What's next in Mississippi's $1 billion lawsuit vs. Memphis over aquifer water

Circle of Blue, a publication that bills itself as "Reporting on the Global Water Crisis," revisits the lawsuit brought by the state of Mississippi against the city of Memphis and Memphis Light, Gas and Water Division over what Mississippi claims is a $1 billion theft of groundwater.

The question will be up to the U.S. Supreme Court after a federal appeals court, affirming the decision of a lower court, dismissed the suit in June because it is an interstate issue. Mississippi had said it had no quarrel with the state of Tennessee, but the Fifth U.S. Circuit Court of Appeals ruled that Tennessee is in fact an "indispensable party" to the suit.

Circle of Blue provides some background about what must happen before the Supreme Court can hear the case:

Before the Supreme Court case can begin, a study must be performed to determine how much of the aquifer belongs to each state, since the underground lake system is fluvial and dynamic. The federal common law doctrine "equitable apportionment" determines how resources such as water and wildlife are allotted to neighboring states.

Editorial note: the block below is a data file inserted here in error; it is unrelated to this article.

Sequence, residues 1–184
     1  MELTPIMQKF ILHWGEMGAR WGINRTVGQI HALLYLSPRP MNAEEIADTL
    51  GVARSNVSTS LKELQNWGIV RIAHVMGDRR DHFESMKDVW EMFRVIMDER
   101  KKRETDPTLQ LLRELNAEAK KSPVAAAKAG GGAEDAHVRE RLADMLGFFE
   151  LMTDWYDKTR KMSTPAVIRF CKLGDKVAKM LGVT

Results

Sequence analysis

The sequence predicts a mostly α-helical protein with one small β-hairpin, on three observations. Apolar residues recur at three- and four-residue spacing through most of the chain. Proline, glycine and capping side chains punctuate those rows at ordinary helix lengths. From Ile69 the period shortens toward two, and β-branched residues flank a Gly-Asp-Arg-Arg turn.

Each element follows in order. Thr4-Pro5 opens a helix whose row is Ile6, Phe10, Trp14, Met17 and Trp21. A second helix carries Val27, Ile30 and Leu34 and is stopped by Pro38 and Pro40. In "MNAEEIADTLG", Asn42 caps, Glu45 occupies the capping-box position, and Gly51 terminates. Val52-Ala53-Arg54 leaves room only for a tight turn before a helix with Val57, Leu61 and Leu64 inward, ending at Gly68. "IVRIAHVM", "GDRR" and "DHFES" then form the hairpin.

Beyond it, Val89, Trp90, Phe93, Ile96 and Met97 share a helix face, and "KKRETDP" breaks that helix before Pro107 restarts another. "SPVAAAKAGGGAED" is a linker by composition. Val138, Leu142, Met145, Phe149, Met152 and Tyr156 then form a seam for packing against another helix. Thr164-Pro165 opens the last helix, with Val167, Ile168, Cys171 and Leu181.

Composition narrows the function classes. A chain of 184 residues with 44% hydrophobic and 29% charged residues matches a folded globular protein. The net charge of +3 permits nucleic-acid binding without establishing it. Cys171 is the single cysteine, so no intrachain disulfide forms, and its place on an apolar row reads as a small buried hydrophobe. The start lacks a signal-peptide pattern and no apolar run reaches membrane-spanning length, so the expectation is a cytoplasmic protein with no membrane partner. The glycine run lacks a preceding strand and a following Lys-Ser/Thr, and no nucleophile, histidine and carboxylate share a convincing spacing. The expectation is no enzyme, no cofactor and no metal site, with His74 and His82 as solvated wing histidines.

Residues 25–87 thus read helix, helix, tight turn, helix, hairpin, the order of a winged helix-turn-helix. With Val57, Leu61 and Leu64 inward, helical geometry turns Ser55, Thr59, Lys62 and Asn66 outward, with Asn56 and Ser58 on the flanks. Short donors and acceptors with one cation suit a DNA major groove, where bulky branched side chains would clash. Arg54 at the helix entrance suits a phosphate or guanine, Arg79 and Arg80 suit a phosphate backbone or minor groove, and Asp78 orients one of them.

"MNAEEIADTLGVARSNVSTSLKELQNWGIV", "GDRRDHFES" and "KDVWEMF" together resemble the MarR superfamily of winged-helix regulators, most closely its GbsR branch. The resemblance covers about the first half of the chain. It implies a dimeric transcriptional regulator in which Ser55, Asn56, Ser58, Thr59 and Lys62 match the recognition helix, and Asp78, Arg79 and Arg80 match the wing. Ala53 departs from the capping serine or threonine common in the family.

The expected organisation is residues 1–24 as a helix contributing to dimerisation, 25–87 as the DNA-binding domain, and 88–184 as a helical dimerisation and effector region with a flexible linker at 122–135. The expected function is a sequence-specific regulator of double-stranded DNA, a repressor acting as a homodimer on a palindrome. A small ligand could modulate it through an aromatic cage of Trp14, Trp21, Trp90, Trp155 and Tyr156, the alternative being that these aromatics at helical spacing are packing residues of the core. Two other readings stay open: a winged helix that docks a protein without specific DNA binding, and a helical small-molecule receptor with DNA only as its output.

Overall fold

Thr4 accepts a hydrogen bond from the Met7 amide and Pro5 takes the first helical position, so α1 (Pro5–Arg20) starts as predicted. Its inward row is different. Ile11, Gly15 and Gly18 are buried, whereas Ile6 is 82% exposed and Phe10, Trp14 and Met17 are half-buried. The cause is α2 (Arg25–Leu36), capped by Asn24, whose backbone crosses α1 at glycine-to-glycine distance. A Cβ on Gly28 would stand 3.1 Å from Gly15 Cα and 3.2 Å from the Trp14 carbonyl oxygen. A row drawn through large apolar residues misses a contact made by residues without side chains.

To date, the Supreme Court has never applied this doctrine to an aquifer and its groundwater-although it has ruled for fluvial rivers like the Laramie River in 1922, the Delaware River in 1931, and the North Platte River in 1945, as well as hearing the current case between the Carolinas for the Catawba River.

The case is particularly important for Mississippi because the state draws some 89 percent of its public water from underground sources. Mississippi Atty. Gen. Jim Hood has said in court documents that Memphis is "the largest city in the world that relies solely on groundwater wells for its water supply." However, statewide, Tennessee sources only 36 percent of its water from the ground, according to Circle News.

Another factor, as this Business TN article explains, is that DeSoto County's growth has prompted fears of a water shortage.

Here's where this suit could get expensive for Memphis and MLGW -- beyond the $1 billion damages that Mississippi claims.

Memphis and MLGW argue that the withdrawals are appropriate and within legal limits. If they lose, the utility will be forced to build a multi-million dollar water treatment plant for subsequent future withdrawals from the Mississippi River. (emphasis added)

Mmmm, fresh, clean Mississippi River water ...


I really enjoyed reading through this post.Thanks.

MIA gon be going all out on that new single xxxo! the words is hardcore but tha video ain't that great.

What happen next?
2 years later?

Leave a comment

Type the characters you see in the picture above.